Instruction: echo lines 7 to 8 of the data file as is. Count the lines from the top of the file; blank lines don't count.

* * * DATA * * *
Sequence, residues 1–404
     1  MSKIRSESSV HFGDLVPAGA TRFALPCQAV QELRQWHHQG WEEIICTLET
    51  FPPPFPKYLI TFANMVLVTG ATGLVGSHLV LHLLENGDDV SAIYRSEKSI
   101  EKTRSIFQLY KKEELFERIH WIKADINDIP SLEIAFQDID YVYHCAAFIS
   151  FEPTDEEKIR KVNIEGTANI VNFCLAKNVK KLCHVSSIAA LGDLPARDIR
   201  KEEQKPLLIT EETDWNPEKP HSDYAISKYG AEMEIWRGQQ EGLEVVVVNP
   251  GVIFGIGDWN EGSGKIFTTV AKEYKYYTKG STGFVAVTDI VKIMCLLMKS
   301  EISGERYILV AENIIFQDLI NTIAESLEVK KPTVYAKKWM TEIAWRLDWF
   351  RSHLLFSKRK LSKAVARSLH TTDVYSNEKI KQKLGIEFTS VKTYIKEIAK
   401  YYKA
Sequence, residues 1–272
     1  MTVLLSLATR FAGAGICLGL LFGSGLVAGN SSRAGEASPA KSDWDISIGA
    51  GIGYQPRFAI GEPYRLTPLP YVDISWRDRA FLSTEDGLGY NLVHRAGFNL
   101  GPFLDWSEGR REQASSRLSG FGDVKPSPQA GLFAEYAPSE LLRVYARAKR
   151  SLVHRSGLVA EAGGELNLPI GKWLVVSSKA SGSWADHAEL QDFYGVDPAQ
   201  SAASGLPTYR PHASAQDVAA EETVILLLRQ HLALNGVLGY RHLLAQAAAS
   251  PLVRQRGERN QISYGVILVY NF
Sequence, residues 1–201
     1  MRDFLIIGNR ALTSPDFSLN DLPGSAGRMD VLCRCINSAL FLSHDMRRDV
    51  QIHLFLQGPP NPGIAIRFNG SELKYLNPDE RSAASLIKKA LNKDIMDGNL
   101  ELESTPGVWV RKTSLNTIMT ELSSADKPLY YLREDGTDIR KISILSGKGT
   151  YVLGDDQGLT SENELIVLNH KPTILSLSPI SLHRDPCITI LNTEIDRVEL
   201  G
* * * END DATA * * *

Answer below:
   251  GVIFGIGDWN EGSGKIFTTV AKEYKYYTKG STGFVAVTDI VKIMCLLMKS
   301  EISGERYILV AENIIFQDLI NTIAESLEVK KPTVYAKKWM TEIAWRLDWF